Haseena Parkar movie review: The Shraddha Kapoor film is a tiring watch

Haseena Parkar movie review: Shraddha Kapoor manages the young wife-and-mother part well enough, but her transition to the other side is never fully realized: she appears to be speaking her lines to order and the cheek-pads to add flesh to her jowls, and the deliberately heavier voice, is all put on.

Rating: 1.5 out of 5
Written by Shubhra Gupta | New Delhi | Updated: September 23, 2017 6:23:30 am
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Haseena Parkar movie cast: Shraddha Kapoor, Siddhant Kapoor, Ankur Bhatia, Rajesh Tailang, Priyanka Setia
Haseena Parkar movie director: Apoorva Lakhia
Haseena Parkar movie rating: 1.5 stars

The persona of the female don pops up every once in a while as a diversion, but full-fledged Bollywood films revolving around such characters are rare.

In 1999, there was Shabana Azmi’s ‘Godmother’. And now comes ‘Haseena Parkar’, which has Shraddha Kapoor play the part of Dawood Ibrahim’s sister, a woman who started off as a wife and mother, and who grew into becoming a fearsome entity, flouting the law with impunity, deriving her power from her Bhai-in-Dubai.

The film spends considerable time on Haseena’s backstory. Her father was a police constable who is shown as someone who could not stop his sons go down the path of wrong-doing; Haseena herself is shown as someone who is pleased enough to own a smuggled watch, but who would have been quite content to spend her life the way it was shaping up post-marriage and motherhood. And who ended up where she did only because of circumstances.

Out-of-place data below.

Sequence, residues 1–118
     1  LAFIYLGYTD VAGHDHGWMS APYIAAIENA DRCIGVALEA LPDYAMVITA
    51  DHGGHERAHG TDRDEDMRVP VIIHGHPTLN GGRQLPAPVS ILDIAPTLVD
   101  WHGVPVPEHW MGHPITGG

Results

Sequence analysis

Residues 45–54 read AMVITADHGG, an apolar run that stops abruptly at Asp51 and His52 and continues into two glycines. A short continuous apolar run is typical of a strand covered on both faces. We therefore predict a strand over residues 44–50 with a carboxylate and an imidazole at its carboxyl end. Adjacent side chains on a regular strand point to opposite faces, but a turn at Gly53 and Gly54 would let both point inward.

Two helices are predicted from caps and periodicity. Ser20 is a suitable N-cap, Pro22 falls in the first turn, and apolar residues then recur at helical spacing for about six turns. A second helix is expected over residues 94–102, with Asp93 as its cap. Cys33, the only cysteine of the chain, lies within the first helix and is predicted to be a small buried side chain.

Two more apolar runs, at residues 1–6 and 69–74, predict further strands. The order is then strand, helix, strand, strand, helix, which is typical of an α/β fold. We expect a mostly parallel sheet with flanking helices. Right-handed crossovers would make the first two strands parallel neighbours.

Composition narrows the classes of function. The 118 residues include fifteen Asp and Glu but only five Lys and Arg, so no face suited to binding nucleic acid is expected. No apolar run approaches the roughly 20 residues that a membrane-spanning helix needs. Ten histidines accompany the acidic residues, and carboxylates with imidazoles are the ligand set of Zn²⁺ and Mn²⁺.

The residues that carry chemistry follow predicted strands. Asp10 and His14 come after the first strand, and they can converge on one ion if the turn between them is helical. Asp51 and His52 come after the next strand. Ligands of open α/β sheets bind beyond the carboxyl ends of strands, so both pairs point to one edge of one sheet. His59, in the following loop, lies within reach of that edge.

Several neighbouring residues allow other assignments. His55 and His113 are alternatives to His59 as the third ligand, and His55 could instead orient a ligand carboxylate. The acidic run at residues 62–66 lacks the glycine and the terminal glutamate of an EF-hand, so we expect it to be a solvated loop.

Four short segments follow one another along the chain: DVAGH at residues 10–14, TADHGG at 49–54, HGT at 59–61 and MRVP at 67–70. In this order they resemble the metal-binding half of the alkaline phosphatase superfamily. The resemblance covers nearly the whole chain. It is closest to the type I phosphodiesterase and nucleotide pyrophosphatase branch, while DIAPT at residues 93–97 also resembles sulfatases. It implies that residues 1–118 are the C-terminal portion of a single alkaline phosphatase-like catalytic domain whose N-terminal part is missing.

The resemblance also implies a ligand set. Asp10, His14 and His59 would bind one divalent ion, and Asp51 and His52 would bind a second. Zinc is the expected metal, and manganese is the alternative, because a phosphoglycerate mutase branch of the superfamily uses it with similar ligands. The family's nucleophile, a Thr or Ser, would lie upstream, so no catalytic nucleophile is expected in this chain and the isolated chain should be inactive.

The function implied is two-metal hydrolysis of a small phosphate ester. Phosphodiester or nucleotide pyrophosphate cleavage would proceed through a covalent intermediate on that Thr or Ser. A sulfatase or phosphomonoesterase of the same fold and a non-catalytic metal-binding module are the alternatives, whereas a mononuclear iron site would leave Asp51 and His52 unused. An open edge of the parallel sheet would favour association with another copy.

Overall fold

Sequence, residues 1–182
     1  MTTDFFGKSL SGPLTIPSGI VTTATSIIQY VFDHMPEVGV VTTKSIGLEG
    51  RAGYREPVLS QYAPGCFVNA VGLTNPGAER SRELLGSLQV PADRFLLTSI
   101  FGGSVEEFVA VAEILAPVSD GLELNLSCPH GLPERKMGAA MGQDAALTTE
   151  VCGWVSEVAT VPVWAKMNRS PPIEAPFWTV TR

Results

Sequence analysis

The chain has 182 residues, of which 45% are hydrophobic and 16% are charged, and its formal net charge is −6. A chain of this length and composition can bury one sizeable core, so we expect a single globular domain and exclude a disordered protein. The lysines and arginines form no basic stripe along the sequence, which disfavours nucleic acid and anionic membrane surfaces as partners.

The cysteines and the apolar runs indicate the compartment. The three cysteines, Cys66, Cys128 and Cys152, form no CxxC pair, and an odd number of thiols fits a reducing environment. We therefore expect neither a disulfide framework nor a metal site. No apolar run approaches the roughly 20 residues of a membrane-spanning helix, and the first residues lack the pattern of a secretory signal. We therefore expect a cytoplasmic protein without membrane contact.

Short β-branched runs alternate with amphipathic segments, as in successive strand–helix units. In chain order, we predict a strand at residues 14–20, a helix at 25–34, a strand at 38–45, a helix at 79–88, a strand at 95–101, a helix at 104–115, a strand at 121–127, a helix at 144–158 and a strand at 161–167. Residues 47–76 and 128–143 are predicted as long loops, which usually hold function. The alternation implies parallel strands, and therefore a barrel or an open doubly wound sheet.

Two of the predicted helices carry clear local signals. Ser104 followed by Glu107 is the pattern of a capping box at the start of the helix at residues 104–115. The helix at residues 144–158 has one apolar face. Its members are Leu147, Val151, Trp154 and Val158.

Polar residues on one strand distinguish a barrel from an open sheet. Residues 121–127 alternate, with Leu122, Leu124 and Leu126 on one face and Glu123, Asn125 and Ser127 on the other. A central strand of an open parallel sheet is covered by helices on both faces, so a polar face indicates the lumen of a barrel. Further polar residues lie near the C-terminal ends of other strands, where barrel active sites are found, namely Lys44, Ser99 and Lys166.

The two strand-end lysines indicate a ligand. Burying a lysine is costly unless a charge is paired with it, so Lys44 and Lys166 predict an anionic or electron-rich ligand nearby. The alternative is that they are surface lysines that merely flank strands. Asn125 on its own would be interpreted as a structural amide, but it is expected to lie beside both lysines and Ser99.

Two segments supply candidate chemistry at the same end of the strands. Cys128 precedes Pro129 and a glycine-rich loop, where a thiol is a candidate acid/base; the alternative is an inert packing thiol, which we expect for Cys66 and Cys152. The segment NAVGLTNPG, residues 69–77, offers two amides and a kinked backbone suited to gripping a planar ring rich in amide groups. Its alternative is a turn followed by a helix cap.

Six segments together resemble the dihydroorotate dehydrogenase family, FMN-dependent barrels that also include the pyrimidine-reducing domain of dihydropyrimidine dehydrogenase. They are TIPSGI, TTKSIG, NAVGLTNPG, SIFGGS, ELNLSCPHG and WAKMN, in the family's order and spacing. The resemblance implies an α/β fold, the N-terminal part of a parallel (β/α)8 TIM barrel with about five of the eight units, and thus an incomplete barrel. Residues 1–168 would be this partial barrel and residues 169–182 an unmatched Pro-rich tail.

This could have been a deeply interesting sketch of a woman who is clearly capable of being much more than she started out with. But ‘Haseena Parkar’ offers no such insight. Shraddha Kapoor manages the young wife-and-mother part well enough, but her transition to the other side is never fully realized: she appears to be speaking her lines to order, and the cheek-pads to add flesh to her jowls, and the deliberately heavier voice, is all put on. Also, she never really looks old enough for the older woman’s part. That’s double the artifice.

The supporting cast is also by the numbers, and tediously so. Siddhant Kapoor, Shraddha’s brother in real life, plays Dawood, and does nothing we haven’t seen before in previous iterations of the dreaded don. Bhatia as Haseena’s strapping, handsome husband does his job, and gets out of the way.

The rest is a long and winding and weary telling of a story which could have been something, but comes off merely as a tired re-tread of tired re-treads.

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